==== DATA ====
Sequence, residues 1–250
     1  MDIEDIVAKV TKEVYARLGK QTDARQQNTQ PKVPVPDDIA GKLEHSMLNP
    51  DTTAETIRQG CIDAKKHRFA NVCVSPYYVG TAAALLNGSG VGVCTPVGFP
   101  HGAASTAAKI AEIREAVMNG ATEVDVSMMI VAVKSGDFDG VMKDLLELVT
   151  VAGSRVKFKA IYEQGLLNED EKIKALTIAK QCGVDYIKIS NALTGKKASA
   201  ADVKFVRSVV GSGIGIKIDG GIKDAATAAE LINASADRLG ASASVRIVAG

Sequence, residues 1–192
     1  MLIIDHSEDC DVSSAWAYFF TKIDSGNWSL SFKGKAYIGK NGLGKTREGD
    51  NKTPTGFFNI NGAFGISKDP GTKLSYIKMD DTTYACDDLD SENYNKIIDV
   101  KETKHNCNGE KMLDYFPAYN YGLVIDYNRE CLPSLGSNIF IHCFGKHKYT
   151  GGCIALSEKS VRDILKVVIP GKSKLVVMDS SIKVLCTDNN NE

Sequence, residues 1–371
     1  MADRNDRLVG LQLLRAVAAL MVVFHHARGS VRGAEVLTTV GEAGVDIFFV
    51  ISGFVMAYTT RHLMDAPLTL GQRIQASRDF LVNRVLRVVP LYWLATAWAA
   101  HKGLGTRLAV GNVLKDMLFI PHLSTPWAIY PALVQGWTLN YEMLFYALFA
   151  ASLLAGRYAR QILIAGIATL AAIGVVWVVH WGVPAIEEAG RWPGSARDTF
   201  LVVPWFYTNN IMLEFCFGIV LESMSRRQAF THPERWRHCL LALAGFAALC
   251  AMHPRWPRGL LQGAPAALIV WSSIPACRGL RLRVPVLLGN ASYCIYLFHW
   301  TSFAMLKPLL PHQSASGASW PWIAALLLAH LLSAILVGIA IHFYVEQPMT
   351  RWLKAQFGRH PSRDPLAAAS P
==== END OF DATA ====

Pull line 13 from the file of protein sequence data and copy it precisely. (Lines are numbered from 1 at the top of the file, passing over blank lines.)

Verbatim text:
     1  MADRNDRLVG LQLLRAVAAL MVVFHHARGS VRGAEVLTTV GEAGVDIFFV